I just went to Tom Sawyer today and tried out the UsynligO app and it worked very well. It was slow to buzz at the first control, but at the rest it buzzed on my approach to the control point. I liked that it told you it found the correct number, and what the next number was.
The app was simple to use. To set-up a course, it looks like a meet director just exports a Purple Pen .xml file into it - simple enough. The app works on both Apple and Android. The catch will be how do we keep the product (the map) protected for paying participants.
I think we still need something physically there to give the added "excitement" that I am in fact at what I was looking for that we all need - be it an orienteering flag, or an ammo box in geocaching. For that, I suggest we use flagging tape. I liked Chris' idea for playing cards at first, but I think if they are out there for a week, they could get soggy, blown away, or people think someone is hanging junk and takes them down. Remember, the beginner course is easy and probably near trails or common areas the general public would see. The other nice thing about flagging tape is it "looks" like it is supposed to be there in a forest - people think that the rangers or grounds crew are marking something. The meet director pulls the tapes after one week.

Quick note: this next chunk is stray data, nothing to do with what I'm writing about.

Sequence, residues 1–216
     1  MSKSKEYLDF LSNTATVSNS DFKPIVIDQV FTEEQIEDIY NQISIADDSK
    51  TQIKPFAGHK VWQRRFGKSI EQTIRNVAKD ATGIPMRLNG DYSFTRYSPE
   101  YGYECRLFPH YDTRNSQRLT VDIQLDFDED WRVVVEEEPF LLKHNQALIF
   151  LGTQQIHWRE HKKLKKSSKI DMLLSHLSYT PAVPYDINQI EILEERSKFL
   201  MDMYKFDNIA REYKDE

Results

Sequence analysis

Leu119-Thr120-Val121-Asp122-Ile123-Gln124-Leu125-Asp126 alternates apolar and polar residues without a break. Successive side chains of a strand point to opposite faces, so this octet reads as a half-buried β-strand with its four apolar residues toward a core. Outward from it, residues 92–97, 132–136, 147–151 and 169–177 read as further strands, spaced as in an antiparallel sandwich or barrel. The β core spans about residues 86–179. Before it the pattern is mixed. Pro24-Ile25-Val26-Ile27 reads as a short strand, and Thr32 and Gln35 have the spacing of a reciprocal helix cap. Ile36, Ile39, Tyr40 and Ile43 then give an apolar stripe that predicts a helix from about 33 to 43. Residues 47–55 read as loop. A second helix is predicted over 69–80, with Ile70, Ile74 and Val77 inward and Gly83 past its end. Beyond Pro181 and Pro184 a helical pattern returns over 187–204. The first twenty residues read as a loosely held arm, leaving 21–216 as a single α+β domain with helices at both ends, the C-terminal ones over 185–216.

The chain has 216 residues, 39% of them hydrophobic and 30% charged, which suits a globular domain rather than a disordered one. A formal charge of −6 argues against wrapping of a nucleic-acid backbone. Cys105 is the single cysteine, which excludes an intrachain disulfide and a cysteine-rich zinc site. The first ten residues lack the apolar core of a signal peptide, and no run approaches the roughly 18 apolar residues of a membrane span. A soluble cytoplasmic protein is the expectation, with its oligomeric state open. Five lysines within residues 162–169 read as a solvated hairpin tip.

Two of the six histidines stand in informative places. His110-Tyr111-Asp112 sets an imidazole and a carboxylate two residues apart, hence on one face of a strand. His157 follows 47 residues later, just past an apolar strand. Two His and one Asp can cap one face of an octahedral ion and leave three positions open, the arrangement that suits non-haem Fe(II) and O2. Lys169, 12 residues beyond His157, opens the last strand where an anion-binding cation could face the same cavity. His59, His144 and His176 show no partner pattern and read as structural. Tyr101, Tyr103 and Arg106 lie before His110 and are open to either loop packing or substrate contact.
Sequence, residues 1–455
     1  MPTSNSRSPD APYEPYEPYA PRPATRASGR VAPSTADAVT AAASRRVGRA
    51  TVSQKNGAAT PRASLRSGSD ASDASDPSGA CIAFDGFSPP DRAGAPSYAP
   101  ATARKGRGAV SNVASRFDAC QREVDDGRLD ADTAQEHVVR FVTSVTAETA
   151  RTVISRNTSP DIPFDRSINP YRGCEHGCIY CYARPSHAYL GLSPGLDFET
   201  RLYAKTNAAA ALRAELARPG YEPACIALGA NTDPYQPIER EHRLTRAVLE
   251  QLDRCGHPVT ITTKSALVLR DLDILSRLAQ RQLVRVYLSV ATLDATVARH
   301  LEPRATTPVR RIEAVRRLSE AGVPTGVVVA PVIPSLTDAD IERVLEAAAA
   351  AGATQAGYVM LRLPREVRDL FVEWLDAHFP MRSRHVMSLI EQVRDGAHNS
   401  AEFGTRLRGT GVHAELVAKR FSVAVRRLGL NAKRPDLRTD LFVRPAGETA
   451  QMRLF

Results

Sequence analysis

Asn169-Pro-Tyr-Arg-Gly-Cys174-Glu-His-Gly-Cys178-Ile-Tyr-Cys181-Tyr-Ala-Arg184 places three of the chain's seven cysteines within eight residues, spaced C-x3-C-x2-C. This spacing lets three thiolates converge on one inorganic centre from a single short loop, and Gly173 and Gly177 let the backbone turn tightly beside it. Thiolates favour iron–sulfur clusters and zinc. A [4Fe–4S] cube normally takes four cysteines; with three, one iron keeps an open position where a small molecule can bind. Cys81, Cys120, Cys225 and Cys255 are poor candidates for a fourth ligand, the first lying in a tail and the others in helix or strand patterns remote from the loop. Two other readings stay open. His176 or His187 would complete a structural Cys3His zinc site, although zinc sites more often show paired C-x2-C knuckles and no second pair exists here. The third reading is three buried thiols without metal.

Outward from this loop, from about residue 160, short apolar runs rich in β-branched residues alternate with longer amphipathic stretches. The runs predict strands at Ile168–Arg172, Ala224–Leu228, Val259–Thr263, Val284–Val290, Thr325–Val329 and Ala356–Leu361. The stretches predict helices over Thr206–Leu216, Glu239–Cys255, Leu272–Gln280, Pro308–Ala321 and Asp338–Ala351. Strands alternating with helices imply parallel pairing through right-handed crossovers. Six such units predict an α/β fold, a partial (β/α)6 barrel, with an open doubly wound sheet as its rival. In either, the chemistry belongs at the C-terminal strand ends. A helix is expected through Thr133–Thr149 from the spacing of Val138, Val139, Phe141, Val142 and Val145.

To deal with the GPS not working correctly, or for people who just can't figure out the app, I would suggest leaving a long tail on side of the flagging tape, and tie 1-6 knots spaced out down the tail. The number of knots would be the check number that the participant can write down to confirm that they were there. Each control does not need a unique number, like 101, 102, etc. These are just a poor man's old school pin punches that only the meet director or results chair know the correct number number of knots per each specific control.
For reporting, the UsynligO app allows you to export the total results with splits in .xml format. And we can still use Routegadget for uploading GPS tracks, which UsynligO will be able to export GPS tracks from the app.
OCIN is using a simple Google Form for completion submission on their website - maybe we have this option for the people that had trouble with the app and are submitting manually?
But overall, I like the ease of this app.
Justin is experimenting with the other Ap (GPS-O) to see which one is better.